Walkers Crisps are another popular favourite across the UK, with an ever-growing range of flavours available – Salted, Salt & Vinegar, Cheese & Onion, Roast Chicken and of course, Prawn Cocktail. Which flavour do you miss most? 

Biscuits such as Jaffa Cakes and Jammie Dodgers are classic treats to be shared over a cup of Yorkshire Tea or PG Tips – or maybe with a Percy Pig

Of course, British food is about far more than just treats. Staple spreads like Marmite and Branston Pickle have been brightening the mornings of Brits for a long time, while the nation has long turned to the high-quality ingredients from Marks and Spencer to make any meal just that little bit more special. 

Feeling a bit peckish? Treat yourself! 

British Corner Shop has been providing Brits and anglophiles abroad the best of British food for years. Now they are able to deliver anywhere in the EU – including baked goods, such as devon scones – within a matter of days. 

With a huge selection on offer, competitive prices and ‘Brit Kits’ – a curated variety of boxes for those who can’t decide on just a few items – it’s the perfect place for those looking for iconic hard-to-find UK foods. 

Get a bumper taste of Blighty with an order of your favourites from British Corner Shop

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AMBASSADOR

British ambassador’s quest to reunite with Spanish woman ends in tears

Hugh Elliott, the newly appointed British ambassador to Madrid made headlines last week when he went public with a heartwarming story about the hospitality he received from a stranger on his first trip to Burgos in 1984.

British ambassador’s quest to reunite with Spanish woman ends in tears
HMA Hugh Elliott sad he had cried more than a little at the news of his old friend. Photo: British Embassy/FCO

He described how as a student he became stranded in the northern Spanish city after his bicycle failed to arrive on the same train as him, making his onward trip to a budget campsite impossible.

But on sharing his plight with a stranger in the bar he was offered a place to stay with a Spanish family who refused to take a payment for his board and lodging.

“It took five days for the bike to arrive. I spent all those days staying and eating with them as family without them letting me pay for anything,” recalled the ambassador, who arrived at the Madrid posting in August.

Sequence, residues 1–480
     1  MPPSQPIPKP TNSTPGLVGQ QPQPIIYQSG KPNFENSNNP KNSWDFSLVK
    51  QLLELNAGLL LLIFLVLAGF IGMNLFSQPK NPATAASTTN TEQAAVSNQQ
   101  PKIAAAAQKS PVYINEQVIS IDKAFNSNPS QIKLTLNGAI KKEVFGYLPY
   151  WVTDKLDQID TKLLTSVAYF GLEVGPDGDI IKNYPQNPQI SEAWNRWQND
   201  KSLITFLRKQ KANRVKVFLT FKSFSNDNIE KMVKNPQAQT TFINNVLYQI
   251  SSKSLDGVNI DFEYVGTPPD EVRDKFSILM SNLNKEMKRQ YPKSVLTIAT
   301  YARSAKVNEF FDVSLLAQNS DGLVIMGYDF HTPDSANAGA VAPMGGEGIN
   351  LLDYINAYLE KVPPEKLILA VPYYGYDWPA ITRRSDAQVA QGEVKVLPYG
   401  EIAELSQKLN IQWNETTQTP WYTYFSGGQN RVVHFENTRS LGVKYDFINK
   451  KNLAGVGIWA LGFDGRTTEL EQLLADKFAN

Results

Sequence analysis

“How many countries would have welcomed a stranger like that?” Elliott asked in a video he posted on his twitter account on Tuesday.

READ MORE: UK ambassador looking to find friend who helped him when he was a hard up youngster in Spain


Hugh Elliott posted a clip on Twitter recounting the story and asked for help to find Lourdes Arnáiz. 

He asked for help to track down the woman who had shown such warm hospitality, whose name he remembered was Lourdes Arnáiz.

He asked the twittersphere for help to track her down after all these years so that he could properly thank her and her family all these years later.

On Friday evening he posted a new video with the update that his quest for news of Lourdes had been successful thanks to the huge response –

He said the reaction to his first video had been “totally unexpected, overwhelming and very affectionate”

“Thanks to your support, I now have news of her, but this is the sad part,” he said, visibly emotional. “I’m very sorry to have to say that Lourdes passed away at the age of 35 from Multiple Sclerosis. I had hoped for another outcome, but alas, it isn’t so.”

 Elliott said he had spoken to Lourdes’ brother, Alfonso, whom he also knew all those years ago and who lives in Burgos with his family and the pair had resumed their friendship and would meet soon.

But in the meantime the ambassador urged those who had been touched by the story to donate something to associations dedicated to helping those sufferers of multiple sclerosis, either as volunteers or through a donation.

“if this story has touched you, and I have to say that I have cried more than in a little, there's something that you can do.” 

He pointed out that there were several organisations in Burgos dedicated to helping those with the disease, as well in Santiago, the city he was headed for in 1984 as well as in Salamanca, where he later worked as a young teacher. There is also a national organisation, he said.

“Each one of us can contribute our ‘grain of sand’ with our time as a volunteer or with a donation. Thanks for your support and the interest that you have shown in this story and thanks so much for all your endearing messages,” he said.

The ambassador then tweeted a list of organisations in the places he mentioned that support multiple sclerosis suffers.